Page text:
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satinfin reach


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#1 FishyJackson

FishyJackson
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  • Long Island

Posted 17 July 2017 - 09:27 PM

this is a reach, definately reaching here, probably just another Spotfin...but could this be a Satinfin Shiner?  Delaware River

 

 

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It looks like there is pigment in multiple places on the dorsal to me here

 

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hard to count but looks like 9 anal fin rays to me

 

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#2 FishyJackson

FishyJackson
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  • Long Island

Posted 17 July 2017 - 09:34 PM

also ID'd a few myself, caught a Bluntnose Minnow , which is listed as rare in this Watershed so that was a solid pickup

 

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So I was the Neversink River,  I was looking all around the rocks for Longnose Dace, Darters, Sculpins, etc...could not catch the large Shield Darter I saw, but caught what I kept thinking would be Longnose Dace hiding around the stones/rocks...but they were all Cutlip Minnows.  It seemed like a total Longnose Dace habitat but it appears Cutlips also hide around the rocks and own this area

 

 

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#3 FishyJackson

FishyJackson
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  • Long Island

Posted 17 July 2017 - 09:41 PM

Lastly, this is pretty ridiculous, but this is has to be a record shattering catch...for smallest first Smallmouth Bass ever caught. It's extremely unlikely anyone in history has caught a Smallmouth so small for their first Smallmouth catch.  Every time I go out there I put in some time for Smallmouth, I've used multiple topwater lures and now Senko worms which people seem to crush them with out there...all I do is lose rigs and catch nothing.  It's pretty pathetic.  Then I accidentally caught this microfishing

 

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There were hundreds of small 1 to 2 inch long slim fish eating algae off the rocks.  I could not get them to bite, then Idropped down to what I thought was one of them and caught that Smallmouth.  I can't imagine baby Smallmouth nibble algae off rocks so it must have not been one of those fish.  Do Darters or baby Suckers nibble algae off rocks?  I can't figure out what those fish were, looked like darters but didn't behave like I would expect, and they ignored tiny worm offering.  Next time I guess I need a net to see what those are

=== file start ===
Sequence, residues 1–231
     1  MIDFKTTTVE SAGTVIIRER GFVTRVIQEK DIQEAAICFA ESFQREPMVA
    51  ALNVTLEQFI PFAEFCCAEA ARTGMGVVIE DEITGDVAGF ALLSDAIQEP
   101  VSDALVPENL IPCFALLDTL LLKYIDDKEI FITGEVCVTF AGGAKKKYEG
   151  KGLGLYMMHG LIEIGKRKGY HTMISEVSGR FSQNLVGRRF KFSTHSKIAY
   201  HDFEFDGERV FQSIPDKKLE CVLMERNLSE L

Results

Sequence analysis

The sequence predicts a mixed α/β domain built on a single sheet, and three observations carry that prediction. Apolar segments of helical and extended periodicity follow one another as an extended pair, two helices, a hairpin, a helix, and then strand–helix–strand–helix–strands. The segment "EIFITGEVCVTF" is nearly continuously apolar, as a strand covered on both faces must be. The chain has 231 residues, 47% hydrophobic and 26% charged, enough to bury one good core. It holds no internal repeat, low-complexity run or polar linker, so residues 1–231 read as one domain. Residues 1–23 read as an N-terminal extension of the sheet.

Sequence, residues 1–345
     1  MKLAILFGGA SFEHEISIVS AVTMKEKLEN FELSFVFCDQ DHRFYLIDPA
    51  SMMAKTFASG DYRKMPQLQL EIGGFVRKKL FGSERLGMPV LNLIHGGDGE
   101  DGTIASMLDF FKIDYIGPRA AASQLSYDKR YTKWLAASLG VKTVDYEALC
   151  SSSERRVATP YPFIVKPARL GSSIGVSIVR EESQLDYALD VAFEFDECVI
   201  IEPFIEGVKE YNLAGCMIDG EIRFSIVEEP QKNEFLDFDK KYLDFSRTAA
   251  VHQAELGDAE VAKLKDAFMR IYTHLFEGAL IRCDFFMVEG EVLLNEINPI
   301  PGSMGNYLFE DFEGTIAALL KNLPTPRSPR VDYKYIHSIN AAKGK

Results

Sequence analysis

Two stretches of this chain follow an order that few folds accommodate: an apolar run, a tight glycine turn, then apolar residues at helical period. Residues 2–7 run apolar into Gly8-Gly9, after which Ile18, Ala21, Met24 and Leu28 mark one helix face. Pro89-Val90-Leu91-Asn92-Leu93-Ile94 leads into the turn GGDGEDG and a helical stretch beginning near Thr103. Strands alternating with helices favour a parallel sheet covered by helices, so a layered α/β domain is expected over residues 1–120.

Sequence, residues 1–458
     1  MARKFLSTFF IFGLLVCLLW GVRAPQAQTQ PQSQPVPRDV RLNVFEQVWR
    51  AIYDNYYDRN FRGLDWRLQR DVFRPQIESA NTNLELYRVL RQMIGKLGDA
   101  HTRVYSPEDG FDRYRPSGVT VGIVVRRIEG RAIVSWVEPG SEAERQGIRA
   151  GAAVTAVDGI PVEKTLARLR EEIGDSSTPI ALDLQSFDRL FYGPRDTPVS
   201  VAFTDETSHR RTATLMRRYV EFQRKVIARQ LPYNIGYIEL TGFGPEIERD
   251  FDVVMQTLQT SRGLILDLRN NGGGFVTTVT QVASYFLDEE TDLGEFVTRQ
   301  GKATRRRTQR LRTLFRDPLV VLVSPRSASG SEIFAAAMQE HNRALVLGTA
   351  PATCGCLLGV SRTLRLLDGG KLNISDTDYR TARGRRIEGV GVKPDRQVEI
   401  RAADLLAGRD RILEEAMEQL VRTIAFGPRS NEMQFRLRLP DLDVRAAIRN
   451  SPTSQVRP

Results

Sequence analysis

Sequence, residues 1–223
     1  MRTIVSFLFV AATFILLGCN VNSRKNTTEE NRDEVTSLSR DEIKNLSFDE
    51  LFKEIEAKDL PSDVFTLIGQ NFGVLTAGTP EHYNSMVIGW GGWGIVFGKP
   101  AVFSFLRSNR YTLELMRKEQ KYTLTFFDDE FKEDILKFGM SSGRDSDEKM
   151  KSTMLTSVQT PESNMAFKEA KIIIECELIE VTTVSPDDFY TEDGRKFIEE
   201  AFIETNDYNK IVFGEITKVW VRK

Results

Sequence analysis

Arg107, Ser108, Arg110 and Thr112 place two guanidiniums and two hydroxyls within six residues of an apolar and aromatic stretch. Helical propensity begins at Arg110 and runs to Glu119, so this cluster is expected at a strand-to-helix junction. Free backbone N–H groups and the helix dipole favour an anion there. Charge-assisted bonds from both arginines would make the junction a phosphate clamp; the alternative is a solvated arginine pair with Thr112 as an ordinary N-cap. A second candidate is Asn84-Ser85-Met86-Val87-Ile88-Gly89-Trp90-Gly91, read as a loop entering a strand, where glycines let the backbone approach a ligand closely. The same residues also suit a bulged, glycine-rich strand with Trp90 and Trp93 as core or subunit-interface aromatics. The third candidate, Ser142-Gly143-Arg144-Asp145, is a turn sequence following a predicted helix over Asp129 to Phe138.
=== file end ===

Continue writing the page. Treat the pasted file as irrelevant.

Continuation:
#4 littlen

littlen
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  • Washington, D.C.

Posted 18 July 2017 - 07:11 AM

They were likely hunting and eating the micro/macro-fauna living in the algae.


Nick L.

#5 gerald

gerald
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  • Wake Forest, North Carolina

Posted 18 July 2017 - 11:51 AM

Freshwater Fishes of Virginia mentions satinfin having more pigment in the anterior dorsal membranes than spotfin does (pg 362), so yeah it could be satinfin, but my confidence is low.  I don't think you'll get a sure-fire ID based on those pics.


Gerald Pottern
-----------------------
Hangin' on the Neuse
"Taxonomy is the diaper used to organize the mess of evolution into discrete packages" - M.Sandel


#6 FishyJackson

FishyJackson
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  • Long Island

Posted 18 July 2017 - 12:25 PM

ok thanks, figured it was a reach, but worth a shot at least.  It sounds like Spotfins are displacing Satinfins in the Delaware so they might be quite rare there   



#7 gerald

gerald
  • Global Moderator
  • Wake Forest, North Carolina

Posted 18 July 2017 - 05:06 PM

Cyprinellas can hybridize when introduced into other species' ranges.  C. lutrensis is the most notorious for doing that (probably because it's been spread around more than any other Cyprinella as bait and/or aquarium fish).


Gerald Pottern
-----------------------
Hangin' on the Neuse
"Taxonomy is the diaper used to organize the mess of evolution into discrete packages" - M.Sandel





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